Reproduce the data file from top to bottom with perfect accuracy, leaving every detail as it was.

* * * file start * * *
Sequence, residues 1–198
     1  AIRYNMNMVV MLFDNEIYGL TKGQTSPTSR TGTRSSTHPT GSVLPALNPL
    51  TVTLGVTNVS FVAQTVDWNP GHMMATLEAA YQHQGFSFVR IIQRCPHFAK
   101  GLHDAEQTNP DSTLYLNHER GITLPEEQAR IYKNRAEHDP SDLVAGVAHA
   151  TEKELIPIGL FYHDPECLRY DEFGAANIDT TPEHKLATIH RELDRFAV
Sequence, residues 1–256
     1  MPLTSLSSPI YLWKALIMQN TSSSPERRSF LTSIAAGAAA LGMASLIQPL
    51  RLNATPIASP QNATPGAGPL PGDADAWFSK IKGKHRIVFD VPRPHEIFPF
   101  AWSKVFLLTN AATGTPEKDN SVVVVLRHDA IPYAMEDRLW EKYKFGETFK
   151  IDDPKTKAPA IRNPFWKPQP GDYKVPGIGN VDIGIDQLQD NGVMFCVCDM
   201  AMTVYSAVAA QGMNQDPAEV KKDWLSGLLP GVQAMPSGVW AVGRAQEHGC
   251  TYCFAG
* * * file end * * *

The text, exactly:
Sequence, residues 1–198
     1  AIRYNMNMVV MLFDNEIYGL TKGQTSPTSR TGTRSSTHPT GSVLPALNPL
    51  TVTLGVTNVS FVAQTVDWNP GHMMATLEAA YQHQGFSFVR IIQRCPHFAK
   101  GLHDAEQTNP DSTLYLNHER GITLPEEQAR IYKNRAEHDP SDLVAGVAHA
   151  TEKELIPIGL FYHDPECLRY DEFGAANIDT TPEHKLATIH RELDRFAV
Sequence, residues 1–256
     1  MPLTSLSSPI YLWKALIMQN TSSSPERRSF LTSIAAGAAA LGMASLIQPL
    51  RLNATPIASP QNATPGAGPL PGDADAWFSK IKGKHRIVFD VPRPHEIFPF
   101  AWSKVFLLTN AATGTPEKDN SVVVVLRHDA IPYAMEDRLW EKYKFGETFK
   151  IDDPKTKAPA IRNPFWKPQP GDYKVPGIGN VDIGIDQLQD NGVMFCVCDM
   201  AMTVYSAVAA QGMNQDPAEV KKDWLSGLLP GVQAMPSGVW AVGRAQEHGC
   251  TYCFAG